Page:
Most Recent Blogs

Dell Continues to Enhance its DR Deduplication and DL Backup Appliances

Posted: May 22, 2015   /   By: Jason Buffington   /   Tags: Data Protection, Dell, deduplication, backup appliances

data_backupEarlier this month, Dell announced enhancements to its DR series of deduplication appliances.  Deduplication appliances continue to be a common method of improving one’s overall data protection infrastructure since they can typically be added to whatever backup/archive software or method that you already have, while near immediately reducing the storage consumed in secondary copies.

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Video Series on Data Protection Appliances – Part 2, Deduplication Appliances

Posted: May 01, 2015   /   By: Jason Buffington   /   Tags: Data Protection, PBBA, DPA, deduplication, backup-to-disk, data protection appliances

Data_Protection_AppliancesContinuing our four-Friday video series, based on the recent ESG research report on the Shift toward Data Protection Appliances,   

This installment covers deduplication storage appliances – those wonderful storage devices that drop in existing (or new) backup and archival infrastructures and automagically and radically reduce storage consumption through optimized protection storage.

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Permabit SANblox: Fitting More Bricks in Storage Buildings

Posted: September 18, 2014   /   By: Mark Peters   /   Tags: Storage, IT Infrastructure, deduplication, compression

Permabit just made a move that has the potential to be very interesting. It has taken its Alberio deduplication and compression abilities and packaged them into an appliance so as to be able to - essentially - retrofit data reduction capabilities to installed FC SANs. Of course data reduction is nothing new per se; various efforts have been made by the “mainstream” vendors for their “mainline” products over the last few years but without a huge success….although maybe because such efforts have not been wholeheartedly embraced at the sales tip of the spear, given that they almost certainly lead to lower capacity sales. However, as the saying goes, the times they are a’changing: Data reduction is cool, embraced and promoted by the newer vendors, and – with the cat thus firmly out of the bag – there is an undercurrent of pressure for it to be more widely available. There are few if any realistic reasons to not use it….well, except, ahem, for the fact that it ain’t available on most of the common products in use (and indeed still being sold) today.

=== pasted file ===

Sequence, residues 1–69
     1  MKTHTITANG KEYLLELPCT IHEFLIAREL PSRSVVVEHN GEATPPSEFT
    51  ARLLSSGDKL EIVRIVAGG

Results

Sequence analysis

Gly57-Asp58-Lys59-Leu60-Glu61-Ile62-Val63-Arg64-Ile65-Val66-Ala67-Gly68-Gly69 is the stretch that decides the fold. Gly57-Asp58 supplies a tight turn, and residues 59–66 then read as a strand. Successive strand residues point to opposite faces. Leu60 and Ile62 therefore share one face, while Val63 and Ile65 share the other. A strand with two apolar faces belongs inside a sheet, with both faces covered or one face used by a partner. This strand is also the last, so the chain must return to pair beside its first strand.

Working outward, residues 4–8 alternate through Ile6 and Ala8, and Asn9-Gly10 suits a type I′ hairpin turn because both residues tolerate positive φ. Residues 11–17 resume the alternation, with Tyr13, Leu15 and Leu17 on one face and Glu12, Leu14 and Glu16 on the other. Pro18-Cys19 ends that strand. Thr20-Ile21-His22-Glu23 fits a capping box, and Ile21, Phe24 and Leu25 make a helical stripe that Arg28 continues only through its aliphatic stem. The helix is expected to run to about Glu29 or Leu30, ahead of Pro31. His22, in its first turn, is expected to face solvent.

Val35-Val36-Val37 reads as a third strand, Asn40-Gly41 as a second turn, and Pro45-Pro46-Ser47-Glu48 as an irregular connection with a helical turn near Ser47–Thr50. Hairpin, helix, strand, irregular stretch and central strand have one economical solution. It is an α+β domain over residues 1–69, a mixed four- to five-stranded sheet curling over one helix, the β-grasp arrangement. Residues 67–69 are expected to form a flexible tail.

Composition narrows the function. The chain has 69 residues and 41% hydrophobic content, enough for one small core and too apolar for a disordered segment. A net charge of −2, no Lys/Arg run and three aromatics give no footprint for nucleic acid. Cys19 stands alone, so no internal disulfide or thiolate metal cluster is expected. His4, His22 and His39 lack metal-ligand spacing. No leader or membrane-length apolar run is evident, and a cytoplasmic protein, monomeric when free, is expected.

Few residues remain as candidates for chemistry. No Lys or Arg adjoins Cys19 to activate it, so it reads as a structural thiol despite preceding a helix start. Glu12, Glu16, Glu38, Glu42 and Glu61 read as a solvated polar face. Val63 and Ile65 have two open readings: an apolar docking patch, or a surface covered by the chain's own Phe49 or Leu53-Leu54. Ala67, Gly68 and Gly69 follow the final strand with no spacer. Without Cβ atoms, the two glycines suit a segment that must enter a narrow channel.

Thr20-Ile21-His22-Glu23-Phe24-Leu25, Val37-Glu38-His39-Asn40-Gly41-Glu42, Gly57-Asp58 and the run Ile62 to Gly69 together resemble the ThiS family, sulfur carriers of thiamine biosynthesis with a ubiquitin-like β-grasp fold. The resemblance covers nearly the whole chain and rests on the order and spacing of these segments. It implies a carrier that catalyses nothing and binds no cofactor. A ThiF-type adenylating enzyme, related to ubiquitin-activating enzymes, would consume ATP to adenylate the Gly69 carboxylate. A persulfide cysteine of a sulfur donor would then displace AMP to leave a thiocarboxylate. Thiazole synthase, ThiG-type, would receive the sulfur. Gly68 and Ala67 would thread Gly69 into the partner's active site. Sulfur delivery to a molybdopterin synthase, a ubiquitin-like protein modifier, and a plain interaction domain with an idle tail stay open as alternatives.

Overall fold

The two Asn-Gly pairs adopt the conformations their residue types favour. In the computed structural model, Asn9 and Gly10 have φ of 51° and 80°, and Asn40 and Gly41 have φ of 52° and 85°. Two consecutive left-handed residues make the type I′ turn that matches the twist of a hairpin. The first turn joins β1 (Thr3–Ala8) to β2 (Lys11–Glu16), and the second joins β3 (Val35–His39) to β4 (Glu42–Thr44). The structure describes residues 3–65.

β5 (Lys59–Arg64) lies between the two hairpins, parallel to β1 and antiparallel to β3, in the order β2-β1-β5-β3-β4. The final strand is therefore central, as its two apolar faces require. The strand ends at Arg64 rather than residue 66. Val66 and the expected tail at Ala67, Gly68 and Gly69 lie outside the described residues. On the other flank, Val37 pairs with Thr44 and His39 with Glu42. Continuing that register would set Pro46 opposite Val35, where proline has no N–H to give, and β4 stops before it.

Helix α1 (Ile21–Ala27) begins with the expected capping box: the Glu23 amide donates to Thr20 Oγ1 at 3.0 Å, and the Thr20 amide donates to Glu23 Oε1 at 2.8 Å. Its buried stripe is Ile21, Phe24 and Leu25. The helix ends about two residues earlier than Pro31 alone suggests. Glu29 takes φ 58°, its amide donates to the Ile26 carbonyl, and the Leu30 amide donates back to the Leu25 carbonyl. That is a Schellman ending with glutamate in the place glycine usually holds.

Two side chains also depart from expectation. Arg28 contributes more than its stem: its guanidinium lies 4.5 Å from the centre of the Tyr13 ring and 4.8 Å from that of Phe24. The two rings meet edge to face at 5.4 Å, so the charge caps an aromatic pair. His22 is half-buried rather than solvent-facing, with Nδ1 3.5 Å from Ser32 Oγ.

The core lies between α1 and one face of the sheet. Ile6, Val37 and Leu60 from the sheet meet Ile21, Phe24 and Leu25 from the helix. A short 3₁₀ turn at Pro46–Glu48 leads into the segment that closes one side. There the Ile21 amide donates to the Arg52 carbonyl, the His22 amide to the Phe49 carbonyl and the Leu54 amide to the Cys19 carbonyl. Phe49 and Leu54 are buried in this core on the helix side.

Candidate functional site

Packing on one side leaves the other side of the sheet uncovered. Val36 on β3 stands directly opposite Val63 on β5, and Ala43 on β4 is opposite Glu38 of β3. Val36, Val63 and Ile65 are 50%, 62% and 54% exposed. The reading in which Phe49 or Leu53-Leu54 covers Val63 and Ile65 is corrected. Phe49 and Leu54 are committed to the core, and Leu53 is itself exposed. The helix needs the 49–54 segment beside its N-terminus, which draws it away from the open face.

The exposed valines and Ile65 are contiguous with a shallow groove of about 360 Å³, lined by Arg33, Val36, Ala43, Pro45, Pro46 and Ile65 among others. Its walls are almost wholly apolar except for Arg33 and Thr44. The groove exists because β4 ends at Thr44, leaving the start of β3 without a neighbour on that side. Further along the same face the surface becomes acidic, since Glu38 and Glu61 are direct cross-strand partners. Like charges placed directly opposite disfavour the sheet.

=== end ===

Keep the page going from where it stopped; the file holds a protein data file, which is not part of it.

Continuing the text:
Thus the new SANblox move by Permabit is intriguing - not to mention potentially lucrative - for a number of reasons:

  • Dedupe has for the most part been, until now, a key ingredient in the special sauce by which the all-flash vendors (especially) get to say that they can get their product cost down to a level similar to spinning drives; if existing FC SANs can now easily, and at low risk, add that same function then the price delta could be expanded again.
  • There’s a likely performance boost as much as the $$ motivation. And, also, of course the function will still work as and when users upgrade to other newer devices from their favorite vendors that have (oh yeah….) the Permabit software included.
  • Permabit is a proven piece of software- also it has made installation really easy while also providing HA via synchronous writes to ensure data safety. Its own testing shows data reductions typically run in the 4-6X range.....in other words, for many workloads you might only need 15-25% of the storage space you thought you needed. That’s no small improvement when you look at the cost of storage systems!
  • It has the ability to be a "pull" technology....as users get to know it can be done they might well exert pressure on their vendors to support it. Key products from major vendors such as EMC, NetApp, Dell, and Hitachi have already been qualified…..one cannot imagine that such traditional vendors are all 100% thrilled at the prospect of such pixie dust being sprinkled on their systems, but –equally – their pragmatism and desire for account retention could conceivably actually drive them to desire to sell less capacity!!
  • Why would vendors do that? Well....
    • they need more efficiency tools to stem and manage general storage growth; indeed getting more back-end efficiency might not translate to less revenue as users are likely to continue to spend the same budgets but be able to do more for those budgets. As always, there’s plenty of actual and nascent capacity growth to go around.
    • it's a bit like things such as vVols from VMware. As a “traditional” vendor you might not like it but you have to be seen to be a part of the contemporary world.